But this past spring we've had to reevaluate some things. Greg likes his job and his company and THEY STILL DO PENSIONS, WHAT? Also J and J will help pay for a master's degree if he works while he's doing it. And, it just so happens we live very close to one of the best part time MBA programs in the country, which is the University of Florida in Gainesville.

And, guess what? We have embryos here. (Like a lot of them. Funny story...PCOS women who do IVF have tons of eggs and therefore lots of embryos, they're just not very healthy). We've been struggling (again) with the 'build our family' thing and it was super stressful to feel like we were on a time crunch or we had to move our frozen children across the country or we had to be okay with not having kids through the two years of an MBA or whatever. It was all just stupid.

So one night we were talking and one of us said maybe we needed to just stay here in Florida for school and quit being on the move for awhile. And for the first time in a long time, we had some peace. It felt right.

Well, if you are going to stay somewhere, it is super annoying to rent. So after a couple of weeks of looking we put in an offer on an adorable little house, negotiated a little bit (AHHHHH), and we've found ourselves in a great little neighborhood just having a blast putting our first home together. We didn't even need to leave the ward.


Excuse the mess. Brynn's been playing and I'm too lazy to clean it up. That's the best excuse I have. But look at my cute fireplace. 


Backyard! Yay! 



With all the moving and a few pieces of new furniture and stuff, Brynn's been very helpful. She loves to play with Daddy's tools. Here she is repairing(?) her crib. 


Kitchen! This was when the other people were living here. It looks different now because we painted over the lime green wall. I could go take a picture of it, but again, I'm very lazy. 


Speaking of painting, choosing paint colors is literally the hardest thing I've ever done in my entire life. This is me trying to paint our bedroom a buttery yellow. (Isn't the wainscoting fun?) I'm not sure we ended up with the right color but eventually you just get sick of painting. For the record, we went with Cornstalk lightened by 10% and then with some white paint dumped in. It was a very organized process, not a desperate late-night thing the day before we moved at all.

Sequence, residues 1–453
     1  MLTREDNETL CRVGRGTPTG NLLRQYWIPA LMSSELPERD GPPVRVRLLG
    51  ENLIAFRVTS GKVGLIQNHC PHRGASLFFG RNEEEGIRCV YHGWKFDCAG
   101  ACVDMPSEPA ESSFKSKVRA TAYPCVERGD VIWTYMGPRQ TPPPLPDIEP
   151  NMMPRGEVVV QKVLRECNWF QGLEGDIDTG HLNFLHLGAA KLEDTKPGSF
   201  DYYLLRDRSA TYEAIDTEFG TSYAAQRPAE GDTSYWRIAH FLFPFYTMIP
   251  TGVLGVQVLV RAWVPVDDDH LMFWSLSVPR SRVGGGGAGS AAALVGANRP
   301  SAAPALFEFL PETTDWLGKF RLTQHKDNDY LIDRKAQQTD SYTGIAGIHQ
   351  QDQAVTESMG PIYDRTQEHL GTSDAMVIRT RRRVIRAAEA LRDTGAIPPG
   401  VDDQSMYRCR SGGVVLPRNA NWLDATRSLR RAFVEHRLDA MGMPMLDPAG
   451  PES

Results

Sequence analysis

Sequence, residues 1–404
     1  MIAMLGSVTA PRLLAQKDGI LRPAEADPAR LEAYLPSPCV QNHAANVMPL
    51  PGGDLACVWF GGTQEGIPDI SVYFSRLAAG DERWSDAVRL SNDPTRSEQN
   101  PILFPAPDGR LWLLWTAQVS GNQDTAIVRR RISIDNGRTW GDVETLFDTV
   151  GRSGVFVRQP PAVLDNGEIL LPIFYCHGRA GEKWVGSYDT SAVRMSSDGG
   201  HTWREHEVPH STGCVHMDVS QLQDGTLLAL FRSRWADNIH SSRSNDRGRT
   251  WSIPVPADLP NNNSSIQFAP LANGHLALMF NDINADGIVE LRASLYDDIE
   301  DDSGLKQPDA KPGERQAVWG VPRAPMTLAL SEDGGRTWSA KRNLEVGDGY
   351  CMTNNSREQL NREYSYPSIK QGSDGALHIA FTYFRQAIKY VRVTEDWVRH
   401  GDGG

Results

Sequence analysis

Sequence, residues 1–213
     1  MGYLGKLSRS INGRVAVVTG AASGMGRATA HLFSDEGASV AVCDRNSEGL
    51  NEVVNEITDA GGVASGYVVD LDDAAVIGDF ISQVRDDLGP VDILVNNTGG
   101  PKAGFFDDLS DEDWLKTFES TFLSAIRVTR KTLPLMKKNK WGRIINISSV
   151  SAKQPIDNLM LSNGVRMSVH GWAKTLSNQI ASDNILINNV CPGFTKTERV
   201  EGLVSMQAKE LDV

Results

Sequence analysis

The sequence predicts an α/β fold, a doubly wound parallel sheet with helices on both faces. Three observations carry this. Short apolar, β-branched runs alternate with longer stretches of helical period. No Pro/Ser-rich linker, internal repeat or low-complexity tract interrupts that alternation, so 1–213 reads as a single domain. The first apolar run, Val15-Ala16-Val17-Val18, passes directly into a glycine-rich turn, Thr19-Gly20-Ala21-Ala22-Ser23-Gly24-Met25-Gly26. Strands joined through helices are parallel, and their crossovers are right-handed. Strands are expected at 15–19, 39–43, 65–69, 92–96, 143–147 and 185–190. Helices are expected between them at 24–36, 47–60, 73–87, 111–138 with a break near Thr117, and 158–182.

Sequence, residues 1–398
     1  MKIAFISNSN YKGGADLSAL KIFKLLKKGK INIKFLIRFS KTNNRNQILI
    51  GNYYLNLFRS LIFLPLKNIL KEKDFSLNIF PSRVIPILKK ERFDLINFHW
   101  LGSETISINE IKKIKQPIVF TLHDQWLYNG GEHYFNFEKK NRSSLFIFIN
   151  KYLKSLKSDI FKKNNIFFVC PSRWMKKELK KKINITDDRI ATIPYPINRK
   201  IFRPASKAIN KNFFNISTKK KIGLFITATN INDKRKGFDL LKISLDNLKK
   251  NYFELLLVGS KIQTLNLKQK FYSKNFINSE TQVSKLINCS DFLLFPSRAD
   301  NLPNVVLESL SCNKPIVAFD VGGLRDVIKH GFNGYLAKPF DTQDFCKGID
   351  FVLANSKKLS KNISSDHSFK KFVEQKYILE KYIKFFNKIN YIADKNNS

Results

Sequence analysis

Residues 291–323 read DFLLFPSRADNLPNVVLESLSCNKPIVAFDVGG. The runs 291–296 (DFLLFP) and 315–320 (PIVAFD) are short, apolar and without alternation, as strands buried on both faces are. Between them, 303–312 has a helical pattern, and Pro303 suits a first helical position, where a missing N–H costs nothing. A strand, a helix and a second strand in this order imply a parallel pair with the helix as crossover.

The rest of the house is gray. We painted the ENTIRE house before we moved in, with some help of our dear friends the Leishmans who now own our souls. Doesn't the gray look truly horrible on top of this pink? Funny story, Brynn's bedroom was two-toned hot pink, and the paint had sparkles in it. I mean, I didn't even know you could buy paint like that but now I know. 


I'm sure we'll be sharing some more pictures soon, because we've really been having so much fun making this house our own. Greg's already been building some furniture in our garage (!) and I've been blowing all sorts of money at Hobby Lobby. I'm going with farmhouse decor which I think just means going rustic and putting cotton stems all over the place?? Who knows. All we know is that we love our little yellow farmhouse in Jacksonville. 

It's good to be home. 

Wednesday, June 7, 2017

Summer Fun

We've been having a grand ole time here in the Florida sunshine so far this summer. 

Beach days with friends happen every week...



Also pool days with friends. These two hold hands a lot. It's the most adorable thing you've ever seen. 


We have so much fun we get tuckered out. Look how big she is now. 


First time on a tire swing. She only fell off a couple times. 




Pictures from this morning. Usually we just keep the stroller in the car but Greg had to clean out the Mazda so he could take it on his YM river rafting trip. So this morning Brynn saw the stroller in the hall and decided to put her baby in for a ride. Something tells me this isn't exactly safe though.